8. Schumer's impression of the personal trainer [is] a great routine, one that's matched only by a subsequent ode to semen (during which she does a priceless shout-out to Oprah Winfrey), as well as a climactic monologue about sexual positions that features some pretty uproarious audience participation. It's during these sections that Schumer's humor is most alive--truly transgressive in ways that confront, rather than winkingly tweak, the chauvinistic prejudices she's targeting. The rest is scattershot in the way of a very talented comic still honing both her points and her live-act presence.
  9. The Bridge is mandatory viewing for drama lovers, but it will be interesting to see where the writers take it and whether they have the big-league ability to make the evident potential materialize. One thing they’ve hopefully learned is that sometimes holding back information isn’t mysterious, it’s just confusing.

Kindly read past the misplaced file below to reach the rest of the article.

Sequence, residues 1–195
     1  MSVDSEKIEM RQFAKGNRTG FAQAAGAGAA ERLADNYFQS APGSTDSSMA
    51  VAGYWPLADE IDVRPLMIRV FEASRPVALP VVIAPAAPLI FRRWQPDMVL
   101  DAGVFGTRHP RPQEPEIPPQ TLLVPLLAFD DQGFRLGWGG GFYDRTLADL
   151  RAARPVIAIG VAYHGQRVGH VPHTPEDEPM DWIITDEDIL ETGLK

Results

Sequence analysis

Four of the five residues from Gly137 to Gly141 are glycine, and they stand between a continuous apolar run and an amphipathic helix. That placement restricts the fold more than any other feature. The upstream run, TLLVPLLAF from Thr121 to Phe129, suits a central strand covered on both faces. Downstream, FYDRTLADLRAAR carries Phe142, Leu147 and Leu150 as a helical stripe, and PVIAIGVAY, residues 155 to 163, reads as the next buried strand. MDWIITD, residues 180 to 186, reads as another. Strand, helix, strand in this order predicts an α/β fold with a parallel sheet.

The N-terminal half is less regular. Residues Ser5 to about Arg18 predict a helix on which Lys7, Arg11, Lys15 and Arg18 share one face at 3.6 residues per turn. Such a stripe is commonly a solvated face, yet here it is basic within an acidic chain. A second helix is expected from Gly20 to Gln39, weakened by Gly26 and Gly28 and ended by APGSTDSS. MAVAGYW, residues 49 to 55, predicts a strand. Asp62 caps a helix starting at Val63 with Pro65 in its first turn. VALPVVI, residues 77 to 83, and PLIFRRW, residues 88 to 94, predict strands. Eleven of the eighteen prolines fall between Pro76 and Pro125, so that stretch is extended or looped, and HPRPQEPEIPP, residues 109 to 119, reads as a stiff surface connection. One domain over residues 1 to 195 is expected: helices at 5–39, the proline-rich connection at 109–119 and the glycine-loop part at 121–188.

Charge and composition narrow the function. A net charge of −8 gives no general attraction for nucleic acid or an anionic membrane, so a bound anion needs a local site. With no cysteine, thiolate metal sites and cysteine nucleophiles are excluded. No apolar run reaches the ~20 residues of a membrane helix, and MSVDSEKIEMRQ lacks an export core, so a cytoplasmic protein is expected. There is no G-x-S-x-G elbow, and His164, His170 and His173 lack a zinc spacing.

10. There's much to admire about Mad Men, and much worth tuning in for. But so far, it's all soft sell.
  11. The first episode, entitled “Sandy Passage,” certainly sets a high bar--a pitch-perfect, brilliantly performed send-up of Albert and David Maysles’ seminal Grey Gardens (1975).... The other two episodes made available for preview aren’t quite up to the level of “Sandy Passage,” but they’re still far from duds.
  12. One Mississippi is effectively quiet and understated in many of the ways that Transparent is demonstrative and confrontational, while both shows share an interest in family histories and personal pain.
  13. As Aminata Diallo (Aunjanue Ellis) reminds herself and others repeatedly, one must never give up--and it’s this steadfast hope that makes the story a particularly compelling television event.
  14. Crossfire Hurricane is business as usual from the Stones, and good fun on its own terms. However, anyone expecting buried treasure or fresh insights into ancient rock folklore will get no satisfaction here.